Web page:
According to the American Diabetes Association, 29.1 million Americans have diabetes, and 1 out of 4 don’t know they have diabetes. Those are sobering statistics because the risk of death for adults with diabetes is 50% higher than for adults without diabetes.
Knowing the prevalence and dangers of diabetes are compelling incentives to schedule an appointment with your clinic’s physician to assess your diabetes risk.
What is diabetes?
Diabetes describes a group of metabolic diseases in which a person has high blood glucose (blood sugar):
- In type 1 diabetes, the body does not produce insulin; approximately 10% of all diabetes cases are type 1.
- In individuals with type 2 diabetes, which accounts for approximately 90% of all diabetes cases, cells don’t react properly to insulin, and glucose doesn’t get transferred from the blood stream into the cells. As a result, blood glucose levels stay elevated.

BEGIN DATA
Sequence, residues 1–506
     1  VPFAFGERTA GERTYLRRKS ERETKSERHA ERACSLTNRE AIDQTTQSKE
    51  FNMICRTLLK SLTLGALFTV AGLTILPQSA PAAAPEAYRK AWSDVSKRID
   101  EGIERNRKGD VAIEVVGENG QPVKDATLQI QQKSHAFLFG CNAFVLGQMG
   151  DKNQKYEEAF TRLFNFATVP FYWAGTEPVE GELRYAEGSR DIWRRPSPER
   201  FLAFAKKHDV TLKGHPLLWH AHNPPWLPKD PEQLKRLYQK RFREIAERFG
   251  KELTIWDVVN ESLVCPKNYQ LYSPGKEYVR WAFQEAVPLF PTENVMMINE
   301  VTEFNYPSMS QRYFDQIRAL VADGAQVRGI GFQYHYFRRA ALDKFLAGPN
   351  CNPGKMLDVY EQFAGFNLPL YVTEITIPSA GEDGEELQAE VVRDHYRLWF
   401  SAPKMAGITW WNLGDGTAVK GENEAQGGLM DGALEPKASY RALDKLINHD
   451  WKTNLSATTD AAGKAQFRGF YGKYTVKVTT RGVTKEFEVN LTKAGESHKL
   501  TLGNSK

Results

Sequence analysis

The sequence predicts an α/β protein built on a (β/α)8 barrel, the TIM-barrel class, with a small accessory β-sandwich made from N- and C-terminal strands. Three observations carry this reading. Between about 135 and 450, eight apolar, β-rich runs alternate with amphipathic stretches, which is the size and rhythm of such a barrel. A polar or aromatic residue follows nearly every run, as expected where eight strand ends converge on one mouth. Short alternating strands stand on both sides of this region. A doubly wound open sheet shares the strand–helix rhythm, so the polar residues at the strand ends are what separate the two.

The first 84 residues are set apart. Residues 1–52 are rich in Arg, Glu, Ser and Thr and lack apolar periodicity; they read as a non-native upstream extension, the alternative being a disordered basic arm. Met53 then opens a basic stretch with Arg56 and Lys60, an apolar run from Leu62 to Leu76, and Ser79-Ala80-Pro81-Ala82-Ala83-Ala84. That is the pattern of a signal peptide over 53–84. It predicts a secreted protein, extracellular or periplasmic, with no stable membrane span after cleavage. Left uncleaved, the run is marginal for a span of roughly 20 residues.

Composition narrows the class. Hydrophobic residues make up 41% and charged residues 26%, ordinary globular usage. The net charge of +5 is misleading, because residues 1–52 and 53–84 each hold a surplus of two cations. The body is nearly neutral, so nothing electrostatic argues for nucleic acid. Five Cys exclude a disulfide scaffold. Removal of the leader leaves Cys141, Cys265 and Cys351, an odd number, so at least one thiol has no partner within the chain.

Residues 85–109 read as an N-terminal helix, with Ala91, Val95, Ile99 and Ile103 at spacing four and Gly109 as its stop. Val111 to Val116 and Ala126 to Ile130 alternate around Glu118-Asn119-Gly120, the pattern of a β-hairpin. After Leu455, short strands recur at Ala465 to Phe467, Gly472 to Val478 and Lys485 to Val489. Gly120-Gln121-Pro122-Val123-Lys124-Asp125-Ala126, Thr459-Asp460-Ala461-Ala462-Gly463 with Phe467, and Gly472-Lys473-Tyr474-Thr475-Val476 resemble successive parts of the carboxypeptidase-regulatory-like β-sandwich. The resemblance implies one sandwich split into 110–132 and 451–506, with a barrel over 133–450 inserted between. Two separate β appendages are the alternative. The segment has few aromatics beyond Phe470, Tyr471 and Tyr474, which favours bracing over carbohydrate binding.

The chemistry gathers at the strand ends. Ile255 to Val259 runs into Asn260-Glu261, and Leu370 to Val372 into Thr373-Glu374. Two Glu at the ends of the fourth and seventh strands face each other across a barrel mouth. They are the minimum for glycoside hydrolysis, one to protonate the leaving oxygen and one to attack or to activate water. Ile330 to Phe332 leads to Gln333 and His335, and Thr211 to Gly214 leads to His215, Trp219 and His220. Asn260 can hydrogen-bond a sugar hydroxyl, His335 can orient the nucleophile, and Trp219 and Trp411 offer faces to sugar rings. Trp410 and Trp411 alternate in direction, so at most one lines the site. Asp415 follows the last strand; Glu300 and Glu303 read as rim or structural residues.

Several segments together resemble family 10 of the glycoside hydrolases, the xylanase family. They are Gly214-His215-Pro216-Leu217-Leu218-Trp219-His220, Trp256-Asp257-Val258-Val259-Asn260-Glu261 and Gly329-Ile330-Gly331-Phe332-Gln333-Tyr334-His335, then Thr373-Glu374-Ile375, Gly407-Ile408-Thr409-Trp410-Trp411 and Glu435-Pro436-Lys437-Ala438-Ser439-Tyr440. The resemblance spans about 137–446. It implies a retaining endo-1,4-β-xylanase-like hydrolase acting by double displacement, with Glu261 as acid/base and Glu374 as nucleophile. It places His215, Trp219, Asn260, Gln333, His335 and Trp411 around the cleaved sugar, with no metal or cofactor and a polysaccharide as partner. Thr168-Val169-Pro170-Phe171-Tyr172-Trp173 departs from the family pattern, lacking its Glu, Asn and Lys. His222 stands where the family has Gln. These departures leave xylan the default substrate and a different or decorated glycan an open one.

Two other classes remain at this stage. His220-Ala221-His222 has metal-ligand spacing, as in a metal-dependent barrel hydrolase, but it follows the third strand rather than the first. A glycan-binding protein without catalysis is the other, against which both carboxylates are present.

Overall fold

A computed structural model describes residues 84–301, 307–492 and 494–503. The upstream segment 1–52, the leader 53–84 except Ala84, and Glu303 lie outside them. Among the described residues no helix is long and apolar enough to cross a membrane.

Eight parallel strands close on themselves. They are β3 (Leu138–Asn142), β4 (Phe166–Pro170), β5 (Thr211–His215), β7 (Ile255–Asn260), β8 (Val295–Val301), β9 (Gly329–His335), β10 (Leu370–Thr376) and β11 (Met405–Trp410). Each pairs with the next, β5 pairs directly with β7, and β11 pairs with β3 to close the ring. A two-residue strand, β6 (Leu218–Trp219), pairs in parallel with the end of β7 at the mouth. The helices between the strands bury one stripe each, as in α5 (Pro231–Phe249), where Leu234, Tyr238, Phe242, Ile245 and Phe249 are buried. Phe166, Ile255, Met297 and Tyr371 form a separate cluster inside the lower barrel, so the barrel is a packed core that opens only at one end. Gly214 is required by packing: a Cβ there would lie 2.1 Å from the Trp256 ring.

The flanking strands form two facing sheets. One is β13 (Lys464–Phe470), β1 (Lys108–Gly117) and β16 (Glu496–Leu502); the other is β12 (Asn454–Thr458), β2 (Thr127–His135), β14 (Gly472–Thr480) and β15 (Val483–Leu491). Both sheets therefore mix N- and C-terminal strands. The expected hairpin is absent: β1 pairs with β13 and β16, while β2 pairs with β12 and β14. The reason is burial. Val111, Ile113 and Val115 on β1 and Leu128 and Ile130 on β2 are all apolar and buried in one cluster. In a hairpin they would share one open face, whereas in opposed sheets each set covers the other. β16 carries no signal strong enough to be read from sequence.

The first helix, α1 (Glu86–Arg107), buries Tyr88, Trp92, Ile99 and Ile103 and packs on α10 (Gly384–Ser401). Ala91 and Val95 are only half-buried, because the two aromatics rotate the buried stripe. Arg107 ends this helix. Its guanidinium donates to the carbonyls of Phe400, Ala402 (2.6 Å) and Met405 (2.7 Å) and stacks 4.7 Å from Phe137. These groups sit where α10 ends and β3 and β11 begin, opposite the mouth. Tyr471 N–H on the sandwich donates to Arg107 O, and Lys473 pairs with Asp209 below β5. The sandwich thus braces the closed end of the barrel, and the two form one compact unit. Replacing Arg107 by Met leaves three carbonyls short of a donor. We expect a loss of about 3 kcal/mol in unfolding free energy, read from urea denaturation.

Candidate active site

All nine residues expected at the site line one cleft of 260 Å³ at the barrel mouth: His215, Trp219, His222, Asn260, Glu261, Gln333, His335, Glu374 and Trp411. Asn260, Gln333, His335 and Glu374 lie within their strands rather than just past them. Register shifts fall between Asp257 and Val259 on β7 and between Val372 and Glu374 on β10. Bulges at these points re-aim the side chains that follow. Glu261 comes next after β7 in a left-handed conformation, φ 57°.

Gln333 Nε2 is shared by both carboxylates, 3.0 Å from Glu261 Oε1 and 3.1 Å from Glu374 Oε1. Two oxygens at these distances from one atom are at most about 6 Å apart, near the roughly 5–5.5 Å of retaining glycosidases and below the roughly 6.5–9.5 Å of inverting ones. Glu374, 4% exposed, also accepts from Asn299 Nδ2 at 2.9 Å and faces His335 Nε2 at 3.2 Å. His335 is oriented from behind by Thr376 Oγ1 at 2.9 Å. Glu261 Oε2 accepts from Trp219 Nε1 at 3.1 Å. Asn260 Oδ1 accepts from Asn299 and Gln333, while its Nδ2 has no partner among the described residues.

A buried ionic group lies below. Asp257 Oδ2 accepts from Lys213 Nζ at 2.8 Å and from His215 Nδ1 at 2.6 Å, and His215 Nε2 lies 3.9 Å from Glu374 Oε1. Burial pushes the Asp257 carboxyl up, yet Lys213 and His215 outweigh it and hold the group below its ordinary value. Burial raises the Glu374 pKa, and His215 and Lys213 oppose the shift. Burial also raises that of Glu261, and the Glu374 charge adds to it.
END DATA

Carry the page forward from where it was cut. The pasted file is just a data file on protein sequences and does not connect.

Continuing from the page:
- A third type, gestational diabetes, affects women during pregnancy.
Recognize diabetes’ symptom
Common symptoms of diabetes include:
- Urinating often
- Feeling very thirsty
- Feeling very hungry, even though you are eating
- Extreme fatigue
- Blurry vision
- Cuts or bruises that are slow to heal
- Weight loss, even though you are eating more (type 1)
- Tingling, pain, or numbness in the hands/feet (type 2)
Are you at risk?
Risk factors for type 2 diabetes include:
- Sedentary lifestyle
- History of gestational diabetes
- High blood pressure
- High sugar/high fat diet
- Certain ethnicities: African Americans, Latinos, and Native Americans/Pacific Islanders
- Family history of type 2 diabetes
Early detection and treatment are key
Over time, poorly controlled diabetes can cause permanent damage to the eyes, kidneys, nerves, or heart.
The good news is that type 2 diabetes can be treated with weight loss, exercise, nutrition changes, and medication.
Make an appointment with your clinic physician for a diabetes evaluation to determine the best treatment plan for your situation or if you are concerned about developing type 2 diabetes.